Instead of playing tennis or going to the gym, he has been joining Chester and me on some of my long walks. I've been trying to encourage him to pick up jogging or perhaps think of biking on his own to get additional exercise. I don't want him to rely on my exercise schedule but to develop his own plan for being physically fit. Also, I naturally figured a teen would rather do most anything instead of go walking with his "mother".
I was rather taken aback by his response when I kept urging him to get out on his own. He told me that he really enjoyed these walks we take together because that was the only time that we really talked. Really talked? What?? We talk all day long. We discuss why paper towels can absorb so well. We discuss political discourse and the explosion of blogs influencing our country. We discuss whether or not this entry should be a debit or credit in the accounting ledger.
|Roasted Head of Garlic to Smear of Toasted Bread|
For goodness sakes...we talk and talk and talk...and...
It took me only seconds, though, to realize just what he meant. On our walks together, he chats on and on about the details of his video games, the descriptions of the characters, the ever-evolving strategy quests, his accomplishments or failures in the games, his free-reading manga books, his burgeoning tastes in music...basically ANYTHING but school-related topics.
It never fails to stop me in my tracks when I have one of these moments as a parent. Often my check-list of what I consider the to-do's of good parenting have little to do with the true meaning of parenting from my kids' point of view.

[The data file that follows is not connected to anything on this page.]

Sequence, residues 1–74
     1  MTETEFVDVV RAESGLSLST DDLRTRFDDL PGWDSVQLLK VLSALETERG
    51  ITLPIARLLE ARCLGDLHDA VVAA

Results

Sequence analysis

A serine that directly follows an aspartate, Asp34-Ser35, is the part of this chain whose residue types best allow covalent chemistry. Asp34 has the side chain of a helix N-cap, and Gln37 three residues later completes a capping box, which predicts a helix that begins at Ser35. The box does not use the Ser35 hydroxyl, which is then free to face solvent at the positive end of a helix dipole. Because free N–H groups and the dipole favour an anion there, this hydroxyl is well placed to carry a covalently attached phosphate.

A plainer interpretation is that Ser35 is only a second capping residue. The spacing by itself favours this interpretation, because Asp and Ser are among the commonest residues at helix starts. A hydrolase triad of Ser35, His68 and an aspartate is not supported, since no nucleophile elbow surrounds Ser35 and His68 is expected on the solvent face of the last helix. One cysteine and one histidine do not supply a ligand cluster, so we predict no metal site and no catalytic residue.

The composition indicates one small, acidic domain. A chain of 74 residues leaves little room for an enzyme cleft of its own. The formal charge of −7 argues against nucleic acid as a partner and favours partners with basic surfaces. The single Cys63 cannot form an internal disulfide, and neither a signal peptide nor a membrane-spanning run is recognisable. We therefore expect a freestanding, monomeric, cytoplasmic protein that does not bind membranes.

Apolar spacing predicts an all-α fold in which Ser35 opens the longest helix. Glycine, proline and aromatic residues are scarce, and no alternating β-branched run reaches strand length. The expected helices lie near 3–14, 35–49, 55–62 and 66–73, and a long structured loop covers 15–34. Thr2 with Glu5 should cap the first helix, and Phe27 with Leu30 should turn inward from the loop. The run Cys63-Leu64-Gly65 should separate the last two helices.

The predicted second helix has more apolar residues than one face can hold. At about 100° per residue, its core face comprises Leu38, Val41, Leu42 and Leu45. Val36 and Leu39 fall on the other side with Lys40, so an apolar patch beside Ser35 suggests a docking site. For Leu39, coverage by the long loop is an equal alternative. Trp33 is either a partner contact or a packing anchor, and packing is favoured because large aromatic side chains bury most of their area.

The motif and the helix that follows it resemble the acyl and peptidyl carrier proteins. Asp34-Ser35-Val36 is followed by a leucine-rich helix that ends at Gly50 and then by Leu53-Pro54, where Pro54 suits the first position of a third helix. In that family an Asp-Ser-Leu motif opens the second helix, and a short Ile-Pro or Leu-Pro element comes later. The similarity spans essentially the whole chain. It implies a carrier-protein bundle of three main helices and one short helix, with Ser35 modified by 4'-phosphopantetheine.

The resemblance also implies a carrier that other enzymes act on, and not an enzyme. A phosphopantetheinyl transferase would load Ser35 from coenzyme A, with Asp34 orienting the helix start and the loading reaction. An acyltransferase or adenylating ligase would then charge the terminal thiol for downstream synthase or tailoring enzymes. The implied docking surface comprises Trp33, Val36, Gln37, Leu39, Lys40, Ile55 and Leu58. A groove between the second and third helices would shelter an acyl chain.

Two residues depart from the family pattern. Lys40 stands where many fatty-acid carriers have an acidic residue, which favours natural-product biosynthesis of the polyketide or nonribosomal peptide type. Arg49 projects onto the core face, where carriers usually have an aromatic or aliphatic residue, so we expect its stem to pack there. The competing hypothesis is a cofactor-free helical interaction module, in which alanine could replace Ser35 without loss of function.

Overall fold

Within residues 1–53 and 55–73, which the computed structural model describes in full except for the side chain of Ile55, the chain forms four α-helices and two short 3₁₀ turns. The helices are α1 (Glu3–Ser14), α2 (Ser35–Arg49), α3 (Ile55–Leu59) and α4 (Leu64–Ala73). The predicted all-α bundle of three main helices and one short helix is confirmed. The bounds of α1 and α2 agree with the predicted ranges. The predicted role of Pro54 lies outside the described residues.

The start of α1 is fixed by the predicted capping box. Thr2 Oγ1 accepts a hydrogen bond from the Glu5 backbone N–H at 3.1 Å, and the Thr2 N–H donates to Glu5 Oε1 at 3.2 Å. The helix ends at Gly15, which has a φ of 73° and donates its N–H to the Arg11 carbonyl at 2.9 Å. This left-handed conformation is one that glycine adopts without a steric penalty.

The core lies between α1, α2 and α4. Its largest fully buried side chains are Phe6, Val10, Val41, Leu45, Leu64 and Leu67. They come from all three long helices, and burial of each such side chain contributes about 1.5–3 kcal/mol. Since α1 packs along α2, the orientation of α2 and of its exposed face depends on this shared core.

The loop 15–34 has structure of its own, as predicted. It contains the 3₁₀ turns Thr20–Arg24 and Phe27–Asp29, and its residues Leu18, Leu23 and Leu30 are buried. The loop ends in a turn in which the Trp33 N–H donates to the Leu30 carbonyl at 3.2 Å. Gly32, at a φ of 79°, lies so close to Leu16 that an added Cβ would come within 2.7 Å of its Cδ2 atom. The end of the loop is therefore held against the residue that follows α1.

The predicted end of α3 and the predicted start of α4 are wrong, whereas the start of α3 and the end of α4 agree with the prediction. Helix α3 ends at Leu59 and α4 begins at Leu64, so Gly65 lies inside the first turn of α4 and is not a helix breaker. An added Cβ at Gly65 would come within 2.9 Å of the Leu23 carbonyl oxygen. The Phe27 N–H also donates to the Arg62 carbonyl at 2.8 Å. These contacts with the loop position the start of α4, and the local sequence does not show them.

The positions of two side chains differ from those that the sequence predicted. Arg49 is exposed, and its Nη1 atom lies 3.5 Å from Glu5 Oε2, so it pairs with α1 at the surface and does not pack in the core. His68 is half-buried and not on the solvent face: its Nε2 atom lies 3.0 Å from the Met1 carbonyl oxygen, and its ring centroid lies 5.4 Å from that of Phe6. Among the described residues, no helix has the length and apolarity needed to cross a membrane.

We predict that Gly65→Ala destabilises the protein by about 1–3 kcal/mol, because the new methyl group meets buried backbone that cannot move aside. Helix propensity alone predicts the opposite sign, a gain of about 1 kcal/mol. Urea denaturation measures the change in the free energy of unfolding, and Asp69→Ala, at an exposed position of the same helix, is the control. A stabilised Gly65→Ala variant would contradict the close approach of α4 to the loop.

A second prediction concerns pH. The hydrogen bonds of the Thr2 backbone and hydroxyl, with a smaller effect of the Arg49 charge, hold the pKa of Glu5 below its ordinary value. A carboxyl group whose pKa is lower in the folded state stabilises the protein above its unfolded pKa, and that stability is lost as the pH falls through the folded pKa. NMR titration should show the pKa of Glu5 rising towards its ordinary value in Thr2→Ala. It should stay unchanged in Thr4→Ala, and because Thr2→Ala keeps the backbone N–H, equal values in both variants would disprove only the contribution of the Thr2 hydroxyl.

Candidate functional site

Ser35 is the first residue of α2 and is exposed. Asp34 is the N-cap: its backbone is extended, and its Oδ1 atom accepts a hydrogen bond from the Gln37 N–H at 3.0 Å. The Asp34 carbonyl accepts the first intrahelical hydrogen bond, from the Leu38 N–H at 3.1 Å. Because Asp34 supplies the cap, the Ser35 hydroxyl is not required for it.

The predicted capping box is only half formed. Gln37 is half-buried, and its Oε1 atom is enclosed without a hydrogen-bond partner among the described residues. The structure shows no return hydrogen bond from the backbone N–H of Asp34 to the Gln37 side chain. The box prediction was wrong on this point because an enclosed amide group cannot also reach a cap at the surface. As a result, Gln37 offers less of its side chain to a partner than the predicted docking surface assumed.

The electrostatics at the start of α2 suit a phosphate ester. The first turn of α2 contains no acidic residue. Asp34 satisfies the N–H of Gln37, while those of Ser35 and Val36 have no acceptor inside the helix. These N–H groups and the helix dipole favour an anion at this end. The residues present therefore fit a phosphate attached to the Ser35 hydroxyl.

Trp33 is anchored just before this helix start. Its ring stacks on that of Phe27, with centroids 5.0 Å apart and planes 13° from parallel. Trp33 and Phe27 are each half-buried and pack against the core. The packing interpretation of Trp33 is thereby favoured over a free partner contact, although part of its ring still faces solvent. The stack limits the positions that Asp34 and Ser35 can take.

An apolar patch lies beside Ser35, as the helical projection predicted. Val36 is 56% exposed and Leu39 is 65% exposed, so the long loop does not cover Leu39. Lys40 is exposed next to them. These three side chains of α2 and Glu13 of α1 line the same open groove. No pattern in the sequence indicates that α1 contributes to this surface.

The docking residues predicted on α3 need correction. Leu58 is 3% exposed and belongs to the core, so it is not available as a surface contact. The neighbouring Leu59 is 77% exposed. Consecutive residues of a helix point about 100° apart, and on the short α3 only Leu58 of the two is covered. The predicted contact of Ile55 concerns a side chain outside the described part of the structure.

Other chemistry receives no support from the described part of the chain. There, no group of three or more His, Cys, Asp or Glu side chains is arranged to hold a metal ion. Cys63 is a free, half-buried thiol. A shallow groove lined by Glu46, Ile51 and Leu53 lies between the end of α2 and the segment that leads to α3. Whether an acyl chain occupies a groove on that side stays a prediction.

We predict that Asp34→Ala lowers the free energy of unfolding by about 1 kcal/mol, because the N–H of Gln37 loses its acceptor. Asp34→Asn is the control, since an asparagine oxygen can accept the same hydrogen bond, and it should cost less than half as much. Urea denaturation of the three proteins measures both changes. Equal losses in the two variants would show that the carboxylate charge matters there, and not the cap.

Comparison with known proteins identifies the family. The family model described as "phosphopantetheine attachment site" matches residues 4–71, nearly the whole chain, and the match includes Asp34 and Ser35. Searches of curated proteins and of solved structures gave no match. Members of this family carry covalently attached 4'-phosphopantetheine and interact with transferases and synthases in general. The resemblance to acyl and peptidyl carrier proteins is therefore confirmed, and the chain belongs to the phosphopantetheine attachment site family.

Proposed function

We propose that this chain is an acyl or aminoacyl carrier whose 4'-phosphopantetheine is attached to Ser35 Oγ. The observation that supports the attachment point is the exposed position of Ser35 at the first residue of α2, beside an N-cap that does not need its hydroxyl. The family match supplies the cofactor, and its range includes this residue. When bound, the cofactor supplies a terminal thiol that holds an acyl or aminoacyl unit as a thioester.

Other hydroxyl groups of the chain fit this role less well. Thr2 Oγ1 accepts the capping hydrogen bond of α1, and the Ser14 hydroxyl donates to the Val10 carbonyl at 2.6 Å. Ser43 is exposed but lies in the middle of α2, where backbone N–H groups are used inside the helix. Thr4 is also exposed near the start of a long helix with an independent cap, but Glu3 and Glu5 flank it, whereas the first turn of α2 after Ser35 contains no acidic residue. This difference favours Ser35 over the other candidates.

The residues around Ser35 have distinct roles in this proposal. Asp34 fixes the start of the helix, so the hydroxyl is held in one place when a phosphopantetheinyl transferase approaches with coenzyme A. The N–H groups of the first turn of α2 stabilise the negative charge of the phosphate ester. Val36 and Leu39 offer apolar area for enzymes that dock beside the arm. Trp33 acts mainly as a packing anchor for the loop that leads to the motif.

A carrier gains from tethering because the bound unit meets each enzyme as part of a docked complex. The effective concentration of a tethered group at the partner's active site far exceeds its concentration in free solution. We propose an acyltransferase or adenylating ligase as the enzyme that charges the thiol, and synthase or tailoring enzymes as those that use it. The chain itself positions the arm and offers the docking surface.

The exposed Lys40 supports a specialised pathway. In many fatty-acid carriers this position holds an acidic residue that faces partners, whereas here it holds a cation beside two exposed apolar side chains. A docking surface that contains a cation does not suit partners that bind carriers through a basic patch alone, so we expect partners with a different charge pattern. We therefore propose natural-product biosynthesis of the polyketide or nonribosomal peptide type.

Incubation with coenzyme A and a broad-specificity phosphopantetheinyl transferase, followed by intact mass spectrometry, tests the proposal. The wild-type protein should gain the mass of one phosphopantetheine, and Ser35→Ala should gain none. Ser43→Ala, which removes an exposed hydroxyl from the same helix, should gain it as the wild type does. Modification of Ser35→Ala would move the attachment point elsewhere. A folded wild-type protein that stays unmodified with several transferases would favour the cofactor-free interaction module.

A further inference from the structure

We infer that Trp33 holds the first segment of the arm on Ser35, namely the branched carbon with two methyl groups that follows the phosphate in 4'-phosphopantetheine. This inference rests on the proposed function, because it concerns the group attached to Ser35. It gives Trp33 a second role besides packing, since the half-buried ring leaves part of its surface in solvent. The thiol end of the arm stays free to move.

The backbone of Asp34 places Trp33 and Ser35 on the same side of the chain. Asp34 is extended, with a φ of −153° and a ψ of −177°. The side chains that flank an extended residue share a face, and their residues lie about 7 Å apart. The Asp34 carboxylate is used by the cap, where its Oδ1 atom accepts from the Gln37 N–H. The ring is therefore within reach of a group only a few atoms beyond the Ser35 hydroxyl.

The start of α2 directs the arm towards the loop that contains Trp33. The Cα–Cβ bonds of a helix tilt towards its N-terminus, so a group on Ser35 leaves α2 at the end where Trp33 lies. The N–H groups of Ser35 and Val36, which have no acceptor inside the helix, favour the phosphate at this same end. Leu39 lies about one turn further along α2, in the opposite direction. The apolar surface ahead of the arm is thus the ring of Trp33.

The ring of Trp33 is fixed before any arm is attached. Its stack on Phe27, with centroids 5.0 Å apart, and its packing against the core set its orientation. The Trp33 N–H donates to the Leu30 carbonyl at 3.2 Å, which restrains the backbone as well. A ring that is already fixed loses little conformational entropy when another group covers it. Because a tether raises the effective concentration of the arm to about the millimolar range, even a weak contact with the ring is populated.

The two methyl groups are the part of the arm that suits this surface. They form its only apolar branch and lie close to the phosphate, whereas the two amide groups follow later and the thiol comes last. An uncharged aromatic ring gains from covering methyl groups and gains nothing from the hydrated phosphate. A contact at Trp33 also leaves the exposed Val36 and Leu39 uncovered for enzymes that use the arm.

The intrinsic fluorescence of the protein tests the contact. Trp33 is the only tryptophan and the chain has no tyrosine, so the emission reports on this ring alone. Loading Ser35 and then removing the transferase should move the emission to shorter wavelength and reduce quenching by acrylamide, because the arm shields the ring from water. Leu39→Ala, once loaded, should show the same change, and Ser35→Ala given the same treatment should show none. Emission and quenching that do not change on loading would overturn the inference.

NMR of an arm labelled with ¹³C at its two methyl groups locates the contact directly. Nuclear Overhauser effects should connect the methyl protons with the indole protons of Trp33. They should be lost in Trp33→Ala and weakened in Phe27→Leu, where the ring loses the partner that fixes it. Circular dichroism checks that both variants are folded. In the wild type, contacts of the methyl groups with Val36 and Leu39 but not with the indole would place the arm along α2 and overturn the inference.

|Texas countryside drives to college|
As I am enjoying our political banter about events surrounding Chris Christie's looming news scenario in New Jersey or Utah's back and forth court decisions regarding gay marriage rights, the bonding as a family is occurring on one level...but there are other levels that are just as important, if not more so...
What is the saying? "It is the little things in life... or "Stop and smell the roses more often." I am still learning that as a parent. We'll never have this parenting role mastered but the journey along the way is always challenging, rewarding, and surprising at every turn.
As much as I enjoy feeding my family delicious meals around our long narrow pine kitchen table, that we have hauled from one kitchen to another across the U.S., I have found a new way to have different levels of connections that mean more to their lives at times.
Long meandering drives back and forth to college are something I entirely look forward to these days. I sit back behind the wheel, watch the cows, goats, birds, and changing scenery go by, and work really hard to ...listen.
I am, inherently, not a good listener. I have thoughts, ideas, and advice at the ready constantly. I usually prefer to discuss what interests me rather that what might be of importance to the company I am with at the moment.
But I often find myself walking away with so many questions and reflections that have no answers. Why didn't I ask about their interest in this?? Or, why didn't I listen to their experience with that??
I realize it's because I rattled on about all of my self- interested topics and didn't stop, pause, breathe...and listen.
I do just that on my country drives. Listen, I mean. I manage to steer myself on all manner of back country roads that are completely void of cars and people. Only silence and the sounds of nature accompany me on my return trips from the college drop off. I can relax...empty my mind of thoughts...and just practice listening to what is around me.
There are only lazy scenes of cows munching grass, deer frolicking in the back fields and birds flitting from one tree to another.
If I just turn off the sound of my voice...there is so much to hear.
There is so much to hear.